Is becoming a jockey right for me?

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What do jockeys do?
Career Satisfaction
Are jockeys happy with their careers?
What are jockeys like?

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How to become a Jockey

Becoming a jockey requires dedication, training, and meeting certain criteria. Here is a guide on how to pursue a career as a jockey:

  • Develop Riding Skills: Start by gaining experience and developing riding skills. Take riding lessons at an early age to build a solid foundation in horseback riding. Develop good balance, posture, and control while riding horses.
  • Maintain Physical Fitness: Jockeys need to maintain a high level of physical fitness to meet the demands of racing. Focus on cardiovascular exercises, strength training, and flexibility exercises. Maintain a healthy diet to manage weight and stay in optimal physical condition.
  • Obtain a License: In the US, jockeys must be licensed by the racing authorities in the state(s) where they plan to ride. The licensing process typically involves completing an application, passing a written exam, and demonstrating riding skills through a practical test. Contact the racing commission or regulatory body in your state to learn about the specific requirements and procedures for obtaining a jockey's license.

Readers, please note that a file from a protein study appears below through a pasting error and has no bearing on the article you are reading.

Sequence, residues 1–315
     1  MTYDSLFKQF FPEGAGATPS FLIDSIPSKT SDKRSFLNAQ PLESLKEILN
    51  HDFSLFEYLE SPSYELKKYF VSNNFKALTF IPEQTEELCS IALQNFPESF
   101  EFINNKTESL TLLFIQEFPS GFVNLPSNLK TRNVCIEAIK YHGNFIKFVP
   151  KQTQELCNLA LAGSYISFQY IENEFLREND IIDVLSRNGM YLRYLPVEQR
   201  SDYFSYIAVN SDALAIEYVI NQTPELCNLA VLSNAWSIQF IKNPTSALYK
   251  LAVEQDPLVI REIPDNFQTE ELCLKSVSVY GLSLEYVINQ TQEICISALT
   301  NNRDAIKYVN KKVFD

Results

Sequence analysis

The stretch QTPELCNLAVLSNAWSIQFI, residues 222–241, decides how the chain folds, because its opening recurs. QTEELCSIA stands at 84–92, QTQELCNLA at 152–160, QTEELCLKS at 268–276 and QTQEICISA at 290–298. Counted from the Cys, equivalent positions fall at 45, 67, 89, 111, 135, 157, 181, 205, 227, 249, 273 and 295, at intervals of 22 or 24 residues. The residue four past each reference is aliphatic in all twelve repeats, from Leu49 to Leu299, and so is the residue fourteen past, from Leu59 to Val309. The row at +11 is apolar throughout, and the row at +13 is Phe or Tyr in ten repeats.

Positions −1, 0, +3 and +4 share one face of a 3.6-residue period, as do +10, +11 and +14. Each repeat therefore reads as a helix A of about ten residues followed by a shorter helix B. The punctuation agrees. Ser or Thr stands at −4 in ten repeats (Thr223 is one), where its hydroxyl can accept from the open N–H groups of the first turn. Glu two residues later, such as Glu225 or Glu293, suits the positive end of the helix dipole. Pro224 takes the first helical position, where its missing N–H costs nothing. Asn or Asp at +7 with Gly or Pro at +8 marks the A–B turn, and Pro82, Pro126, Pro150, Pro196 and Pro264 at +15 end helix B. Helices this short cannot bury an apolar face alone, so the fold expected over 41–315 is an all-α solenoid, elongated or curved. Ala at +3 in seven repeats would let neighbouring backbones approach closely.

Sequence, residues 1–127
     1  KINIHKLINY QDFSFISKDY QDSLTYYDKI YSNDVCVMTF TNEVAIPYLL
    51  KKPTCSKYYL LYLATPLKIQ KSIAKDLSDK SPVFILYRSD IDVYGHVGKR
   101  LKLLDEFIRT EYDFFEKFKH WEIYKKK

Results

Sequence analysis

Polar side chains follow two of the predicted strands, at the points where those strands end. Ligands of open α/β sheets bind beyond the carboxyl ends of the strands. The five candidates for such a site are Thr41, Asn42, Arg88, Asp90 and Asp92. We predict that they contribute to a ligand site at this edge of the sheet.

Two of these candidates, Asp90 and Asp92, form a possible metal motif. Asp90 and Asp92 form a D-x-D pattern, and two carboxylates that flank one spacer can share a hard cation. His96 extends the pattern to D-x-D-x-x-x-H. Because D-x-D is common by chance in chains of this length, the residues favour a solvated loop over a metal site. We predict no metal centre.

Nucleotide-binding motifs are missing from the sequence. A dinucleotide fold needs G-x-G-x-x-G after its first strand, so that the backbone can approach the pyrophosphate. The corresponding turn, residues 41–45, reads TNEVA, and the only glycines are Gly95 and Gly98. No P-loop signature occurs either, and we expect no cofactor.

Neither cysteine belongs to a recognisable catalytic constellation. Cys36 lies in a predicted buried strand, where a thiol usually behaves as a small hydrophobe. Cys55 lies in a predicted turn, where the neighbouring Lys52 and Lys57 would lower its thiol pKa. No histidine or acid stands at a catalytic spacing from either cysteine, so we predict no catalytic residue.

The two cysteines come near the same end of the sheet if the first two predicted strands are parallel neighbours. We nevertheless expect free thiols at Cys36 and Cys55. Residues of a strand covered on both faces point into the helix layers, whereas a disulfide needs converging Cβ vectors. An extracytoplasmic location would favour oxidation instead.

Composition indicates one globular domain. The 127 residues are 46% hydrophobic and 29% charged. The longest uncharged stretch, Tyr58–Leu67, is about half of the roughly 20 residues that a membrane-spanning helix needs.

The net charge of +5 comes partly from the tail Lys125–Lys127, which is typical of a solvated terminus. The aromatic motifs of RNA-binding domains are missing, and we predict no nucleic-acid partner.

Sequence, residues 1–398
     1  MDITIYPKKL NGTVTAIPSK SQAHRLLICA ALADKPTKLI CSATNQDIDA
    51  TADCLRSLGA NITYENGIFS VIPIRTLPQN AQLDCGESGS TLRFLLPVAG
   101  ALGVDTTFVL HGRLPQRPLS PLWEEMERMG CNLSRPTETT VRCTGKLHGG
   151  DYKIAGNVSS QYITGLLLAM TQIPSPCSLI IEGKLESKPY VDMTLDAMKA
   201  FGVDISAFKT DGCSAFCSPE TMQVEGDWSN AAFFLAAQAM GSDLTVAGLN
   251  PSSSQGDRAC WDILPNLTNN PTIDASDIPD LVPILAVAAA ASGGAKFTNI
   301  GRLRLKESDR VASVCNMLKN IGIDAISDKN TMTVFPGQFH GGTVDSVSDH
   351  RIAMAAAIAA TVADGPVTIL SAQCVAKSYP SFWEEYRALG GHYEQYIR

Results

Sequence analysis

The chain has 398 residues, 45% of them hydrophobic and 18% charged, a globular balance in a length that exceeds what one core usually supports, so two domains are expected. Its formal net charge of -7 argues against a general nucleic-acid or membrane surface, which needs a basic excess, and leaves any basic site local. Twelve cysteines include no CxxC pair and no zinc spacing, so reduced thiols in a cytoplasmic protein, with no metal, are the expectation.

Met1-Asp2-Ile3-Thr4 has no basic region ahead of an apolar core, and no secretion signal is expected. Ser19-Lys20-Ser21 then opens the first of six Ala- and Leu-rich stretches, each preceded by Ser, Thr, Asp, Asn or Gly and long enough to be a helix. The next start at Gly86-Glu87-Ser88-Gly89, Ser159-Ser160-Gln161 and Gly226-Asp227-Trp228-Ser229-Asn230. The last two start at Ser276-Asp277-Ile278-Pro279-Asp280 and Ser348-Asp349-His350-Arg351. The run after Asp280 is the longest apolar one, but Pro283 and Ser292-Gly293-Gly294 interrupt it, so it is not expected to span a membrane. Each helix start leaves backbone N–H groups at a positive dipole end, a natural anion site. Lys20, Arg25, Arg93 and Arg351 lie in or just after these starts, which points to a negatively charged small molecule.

• Gain Experience: Seek opportunities to gain hands-on experience in the horse racing industry. This can involve working as a stable hand, groom, exercise rider, or assistant to trainers. Spending time at racetracks and getting to know industry professionals can provide valuable networking opportunities and help you learn more about the practical aspects of being a jockey.
  • Apprenticeship Program: Consider joining an apprenticeship program offered by racing organizations or individual trainers. These programs provide structured training, mentorship, and on-the-job experience under the guidance of experienced professionals. Apprenticeship programs often have weight allowances that gradually decrease as apprentices gain more experience.